Mr Rimmer submitted that the conditions imposed upon the appellant might be inconvenient but did not result in inefficiency. He reminded the Panel of Mr Greenwood’s answer to this effect, saying that the inefficiency ground was “not our strongest point”. In relation to unsuitability he urged on the Panel the need for a proportionate response to the circumstances and the disastrous consequences of the case for the appellant and his family. He submitted that the appellant had had no intention to deceive the PCC.
In relation to inefficiency there is no evidence of lack of clinical competence. We do not accept that the conditions imposed upon the appellant’s practice of medicine would make him inefficient, although they would add burdens to any practice where he worked. Whilst we accept the overlap between the grounds of efficiency and unsuitability, we think it right in the circumstances of this case to deal with them separately as far as possible. Whilst, if the PCT had chosen to proceed on the efficiency ground alone we should and would have taken evidence relating to the appellant’s probity into account, where (as here) the PCT chooses to pursue both efficiency and unsuitability it seems to us logical and fairer to the appellant to treat them as if distinct. Otherwise one would add little or nothing to the other. Our finding is that the PCT has not made out the efficiency ground.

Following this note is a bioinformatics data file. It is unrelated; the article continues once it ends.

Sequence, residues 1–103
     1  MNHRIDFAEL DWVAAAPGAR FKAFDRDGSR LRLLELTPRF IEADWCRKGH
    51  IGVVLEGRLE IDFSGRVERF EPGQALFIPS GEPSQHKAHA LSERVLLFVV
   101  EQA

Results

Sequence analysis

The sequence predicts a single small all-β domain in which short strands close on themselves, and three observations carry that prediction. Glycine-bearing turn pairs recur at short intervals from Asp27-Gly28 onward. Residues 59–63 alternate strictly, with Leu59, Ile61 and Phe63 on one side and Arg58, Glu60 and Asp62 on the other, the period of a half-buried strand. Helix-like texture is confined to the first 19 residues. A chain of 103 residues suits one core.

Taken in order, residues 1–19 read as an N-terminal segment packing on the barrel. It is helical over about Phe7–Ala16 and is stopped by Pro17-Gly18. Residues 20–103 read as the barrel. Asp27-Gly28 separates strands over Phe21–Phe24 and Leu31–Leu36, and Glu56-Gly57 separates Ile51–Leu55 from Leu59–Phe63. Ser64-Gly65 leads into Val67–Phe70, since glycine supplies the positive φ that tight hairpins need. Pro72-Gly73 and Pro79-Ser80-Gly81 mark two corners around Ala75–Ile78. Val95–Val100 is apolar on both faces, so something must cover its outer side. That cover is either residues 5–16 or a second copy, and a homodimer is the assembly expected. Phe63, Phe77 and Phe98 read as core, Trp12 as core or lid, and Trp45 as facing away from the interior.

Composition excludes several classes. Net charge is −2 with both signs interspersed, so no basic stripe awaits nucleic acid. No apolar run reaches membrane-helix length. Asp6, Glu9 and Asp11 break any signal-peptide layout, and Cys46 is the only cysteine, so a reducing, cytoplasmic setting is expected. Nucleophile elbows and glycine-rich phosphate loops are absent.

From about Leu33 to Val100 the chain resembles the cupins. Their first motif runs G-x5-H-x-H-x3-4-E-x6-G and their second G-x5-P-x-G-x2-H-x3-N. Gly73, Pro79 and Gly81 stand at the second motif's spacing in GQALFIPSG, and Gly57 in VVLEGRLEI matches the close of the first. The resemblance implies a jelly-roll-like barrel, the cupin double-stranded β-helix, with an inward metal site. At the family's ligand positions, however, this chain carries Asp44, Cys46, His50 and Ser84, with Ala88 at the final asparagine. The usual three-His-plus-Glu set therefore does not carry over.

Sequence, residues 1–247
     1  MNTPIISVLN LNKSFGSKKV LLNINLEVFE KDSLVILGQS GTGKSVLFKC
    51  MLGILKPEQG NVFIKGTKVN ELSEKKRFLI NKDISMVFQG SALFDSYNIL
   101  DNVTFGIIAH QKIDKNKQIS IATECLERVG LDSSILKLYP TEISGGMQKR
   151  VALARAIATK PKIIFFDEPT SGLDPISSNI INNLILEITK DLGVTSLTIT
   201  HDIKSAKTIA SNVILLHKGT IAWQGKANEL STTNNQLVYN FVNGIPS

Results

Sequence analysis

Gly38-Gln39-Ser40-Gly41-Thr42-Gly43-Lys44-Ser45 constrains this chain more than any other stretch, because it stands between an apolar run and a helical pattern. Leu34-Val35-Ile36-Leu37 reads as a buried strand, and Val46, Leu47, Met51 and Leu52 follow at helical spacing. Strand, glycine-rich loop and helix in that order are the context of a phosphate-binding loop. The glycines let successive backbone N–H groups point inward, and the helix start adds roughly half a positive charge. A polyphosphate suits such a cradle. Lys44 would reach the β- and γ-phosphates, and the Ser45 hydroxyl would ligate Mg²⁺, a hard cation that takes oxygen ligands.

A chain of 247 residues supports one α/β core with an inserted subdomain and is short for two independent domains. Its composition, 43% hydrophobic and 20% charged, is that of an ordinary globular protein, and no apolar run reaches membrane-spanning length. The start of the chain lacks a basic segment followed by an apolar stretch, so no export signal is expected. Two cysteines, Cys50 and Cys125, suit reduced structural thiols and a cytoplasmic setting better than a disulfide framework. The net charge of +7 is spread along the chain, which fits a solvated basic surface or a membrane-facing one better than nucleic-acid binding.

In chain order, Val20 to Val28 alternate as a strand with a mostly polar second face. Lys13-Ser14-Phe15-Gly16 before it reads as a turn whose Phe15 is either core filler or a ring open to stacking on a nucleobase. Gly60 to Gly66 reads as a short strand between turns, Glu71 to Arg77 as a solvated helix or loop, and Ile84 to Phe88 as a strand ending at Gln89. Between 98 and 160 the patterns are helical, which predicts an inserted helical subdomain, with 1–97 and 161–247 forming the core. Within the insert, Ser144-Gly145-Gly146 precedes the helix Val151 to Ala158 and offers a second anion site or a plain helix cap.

40. In relation to unsuitability the appellant accepts that he cannot ask us to go behind the findings of the PCC. Accordingly we bear in mind the context of two indecent assaults on strangers in their homes in the small hours of the morning (one a 14 year old with a hearing impairment, the other a single parent with a sick child) carried out by a doctor in his first year of general practice. In each case the appellant had been called to provide medical advice and help so that his professional duties were fully engaged. The second assault took place after a complaint had been made in relation to the first.